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Government

Foundation of our green future

I recently got to speak with Steve Vassallo, an exec at Foundation Capital. They're an investment firm firmly in the greentech camp.
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Written by Harry Fuller, Contributor on

I recently got to speak with Steve Vassallo, an exec at Foundation Capital. They're an investment firm firmly in the greentech camp. They've been in the VC business for 14 years. They don't just talk the talk, Foundation's putting their money where the matter is. The firm's headquarters just got LEED gold certification.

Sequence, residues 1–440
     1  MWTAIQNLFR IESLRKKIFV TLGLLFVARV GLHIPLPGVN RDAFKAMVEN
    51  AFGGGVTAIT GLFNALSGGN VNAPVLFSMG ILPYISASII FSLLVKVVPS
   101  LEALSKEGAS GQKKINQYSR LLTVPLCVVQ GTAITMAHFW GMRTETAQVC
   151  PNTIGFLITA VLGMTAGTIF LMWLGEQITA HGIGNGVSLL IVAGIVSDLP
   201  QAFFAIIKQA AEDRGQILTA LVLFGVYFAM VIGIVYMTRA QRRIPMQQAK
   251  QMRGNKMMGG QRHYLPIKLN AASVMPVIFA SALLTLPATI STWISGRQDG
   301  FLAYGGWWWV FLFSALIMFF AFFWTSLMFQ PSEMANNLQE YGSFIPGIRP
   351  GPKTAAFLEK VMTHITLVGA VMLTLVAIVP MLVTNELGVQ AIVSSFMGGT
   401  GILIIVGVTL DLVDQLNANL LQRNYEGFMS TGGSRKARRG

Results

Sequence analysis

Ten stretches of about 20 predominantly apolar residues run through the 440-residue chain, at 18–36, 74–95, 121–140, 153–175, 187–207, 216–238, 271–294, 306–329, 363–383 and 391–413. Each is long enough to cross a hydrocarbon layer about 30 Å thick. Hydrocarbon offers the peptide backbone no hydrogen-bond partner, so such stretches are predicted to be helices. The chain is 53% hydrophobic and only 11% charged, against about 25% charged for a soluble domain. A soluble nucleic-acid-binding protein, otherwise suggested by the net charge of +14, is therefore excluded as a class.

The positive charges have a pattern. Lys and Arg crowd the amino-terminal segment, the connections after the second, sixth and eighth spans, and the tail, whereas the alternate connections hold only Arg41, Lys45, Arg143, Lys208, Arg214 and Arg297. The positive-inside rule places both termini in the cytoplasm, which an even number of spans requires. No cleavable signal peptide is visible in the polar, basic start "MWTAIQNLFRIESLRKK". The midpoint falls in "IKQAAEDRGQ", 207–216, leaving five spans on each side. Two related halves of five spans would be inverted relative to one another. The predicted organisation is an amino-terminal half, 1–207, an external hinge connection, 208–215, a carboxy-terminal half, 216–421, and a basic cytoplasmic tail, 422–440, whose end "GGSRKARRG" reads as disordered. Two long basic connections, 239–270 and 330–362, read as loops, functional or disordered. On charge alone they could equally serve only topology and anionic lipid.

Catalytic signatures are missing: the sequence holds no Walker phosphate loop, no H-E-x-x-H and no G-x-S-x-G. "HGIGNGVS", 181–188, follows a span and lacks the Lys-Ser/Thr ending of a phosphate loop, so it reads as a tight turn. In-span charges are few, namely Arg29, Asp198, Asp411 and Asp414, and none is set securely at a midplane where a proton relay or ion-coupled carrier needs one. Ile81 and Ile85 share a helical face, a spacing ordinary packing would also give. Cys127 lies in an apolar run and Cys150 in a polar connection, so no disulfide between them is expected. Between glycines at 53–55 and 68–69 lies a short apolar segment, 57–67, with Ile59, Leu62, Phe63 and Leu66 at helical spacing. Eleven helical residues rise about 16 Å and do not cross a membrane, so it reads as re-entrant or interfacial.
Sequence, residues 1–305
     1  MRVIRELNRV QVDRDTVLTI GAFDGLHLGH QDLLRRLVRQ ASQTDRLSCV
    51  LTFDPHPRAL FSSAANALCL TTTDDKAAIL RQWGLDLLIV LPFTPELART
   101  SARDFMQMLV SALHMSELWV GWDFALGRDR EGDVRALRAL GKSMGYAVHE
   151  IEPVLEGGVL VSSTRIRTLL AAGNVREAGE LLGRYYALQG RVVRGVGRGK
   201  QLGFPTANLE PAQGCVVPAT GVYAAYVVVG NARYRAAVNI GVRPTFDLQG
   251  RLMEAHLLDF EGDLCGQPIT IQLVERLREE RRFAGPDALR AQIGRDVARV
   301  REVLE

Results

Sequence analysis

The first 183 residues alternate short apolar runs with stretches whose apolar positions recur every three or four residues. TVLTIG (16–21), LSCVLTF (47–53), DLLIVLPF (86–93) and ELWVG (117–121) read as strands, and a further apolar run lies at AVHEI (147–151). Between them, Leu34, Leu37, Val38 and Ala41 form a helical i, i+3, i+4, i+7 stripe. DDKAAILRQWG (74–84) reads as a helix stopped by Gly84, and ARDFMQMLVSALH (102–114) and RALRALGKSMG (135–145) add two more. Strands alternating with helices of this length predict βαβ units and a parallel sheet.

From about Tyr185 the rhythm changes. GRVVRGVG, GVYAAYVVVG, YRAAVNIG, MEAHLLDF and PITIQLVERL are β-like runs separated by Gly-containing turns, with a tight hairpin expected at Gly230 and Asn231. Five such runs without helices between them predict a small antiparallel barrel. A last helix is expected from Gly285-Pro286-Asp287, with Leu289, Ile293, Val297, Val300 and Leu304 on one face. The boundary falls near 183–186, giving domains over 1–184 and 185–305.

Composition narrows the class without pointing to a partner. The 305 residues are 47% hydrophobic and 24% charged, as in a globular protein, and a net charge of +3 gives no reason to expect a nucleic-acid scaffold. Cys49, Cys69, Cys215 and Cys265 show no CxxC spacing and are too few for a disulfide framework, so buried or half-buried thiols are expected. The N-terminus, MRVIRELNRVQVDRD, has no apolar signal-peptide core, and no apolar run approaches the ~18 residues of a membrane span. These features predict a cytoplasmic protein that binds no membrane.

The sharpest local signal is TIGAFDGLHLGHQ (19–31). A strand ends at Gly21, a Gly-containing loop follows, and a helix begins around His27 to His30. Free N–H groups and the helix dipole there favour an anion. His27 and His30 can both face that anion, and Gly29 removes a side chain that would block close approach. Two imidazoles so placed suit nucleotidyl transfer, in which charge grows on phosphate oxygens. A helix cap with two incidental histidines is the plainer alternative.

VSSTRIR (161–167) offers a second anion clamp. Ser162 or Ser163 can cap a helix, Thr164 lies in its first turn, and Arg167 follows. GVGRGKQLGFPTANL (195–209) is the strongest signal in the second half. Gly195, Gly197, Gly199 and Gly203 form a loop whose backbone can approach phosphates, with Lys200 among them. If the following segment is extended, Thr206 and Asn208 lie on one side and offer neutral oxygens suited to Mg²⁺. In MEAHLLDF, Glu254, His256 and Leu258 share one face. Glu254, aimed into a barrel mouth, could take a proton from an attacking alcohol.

Foundation Capital offices. Courtesy: Foundation. Foundation Capital General Partner, Paul Holland, is currently building a LEED Platinum home with his wife, Linda Yates, in Silicon Valley. That home uses tech from several Foundation-backed companies. When completed the house will create more energy than it uses, recycle and reuse water, use the latest in green tech. FOUNDATION'S BUILDING BLOCKS Here are some of the green tech firms Foundation is backing: CalStar. A Wisconsin company making low-CO2 brick and other materials.Control4. They build smart device systems that can run on any platform. Manage your windmills from a cell phone, or your home media from a remote location. eMeter. They make software systems for the smart electrical grid. They also have investment from Sequoia Partners. enerNOC. They build systems for energy demand management. They're all about energy efficiency. Naverus. Systems for more energy efficient air travel. Silver Spring Network. They build "plug and play" smart grid systems. Florida Power & Light are among customers using SilverSpring tech. We've blogged about them before. FOUNDATION'S VIEW OF TOMORROW Mr. Vassallo said Foundation sees CleanTech as the inevitable trend in coming years. A great adventure for ventures new and innovative. He pointed out that much of the current infrastructure technology is antique. Cement was first developed back in 1824. Eighty years before the Wright Brothers flew their tiny airplane. The first double-pane windows were made in 1865, just as the first railroad was connecting California to the eastern U.S. Drywall was invented in 1917, at the end of the First World War when there was no radio, no TV and no nuclear energy technology. So we can see how far other technologies have changed yet the building industry remains mired in the antiquated. Vassallo reminds us that buildings use over half of all the energy in America. 12% for construction, another 39% for operation once the building is finished. Materials used are crucial, he points out. The cement industry alone has an environmental impact equal to that of the auto industry in America. A ton of CO2 is produced to every ton of cement we make. Vassallo is convinced that great innovation, growth and eventually, IPOs, are in the offing for the building industry which must change in an era of energy costs rising and materials shortages. He points that much of the current building tech was developed when energy was essentially free. And long before governments and corporations had any inkling of long-term pollution effects. We are no longer so naive. CLEANTECH TRENDS AND ISSUES Vassallo pointed out some crucial factors in the development of CleanTech. Construction is necessarily a local and regional industry. Building projects cannot be out-sourced. Zoning, permitting and planning issues will continue to be important. New technologies will need to be recognized by governing agencies. Thus spreading information will be paramount. Vassallo pointed out that most local regulations assume windows are far less energy efficient than walls so laws tend to favor less windows now. Yet one Foundation investment, Serious Materials, can now make windows more energy-efficient than standard walls. Change will often be from the bottom-up, he concludes. I've blogged about Serious Materials here. And here's the Serious website. But there is plenty of room for top-down change. The largest landlord in America: U.S. government. Largest single user of energy in America: Deparrment of Defence.

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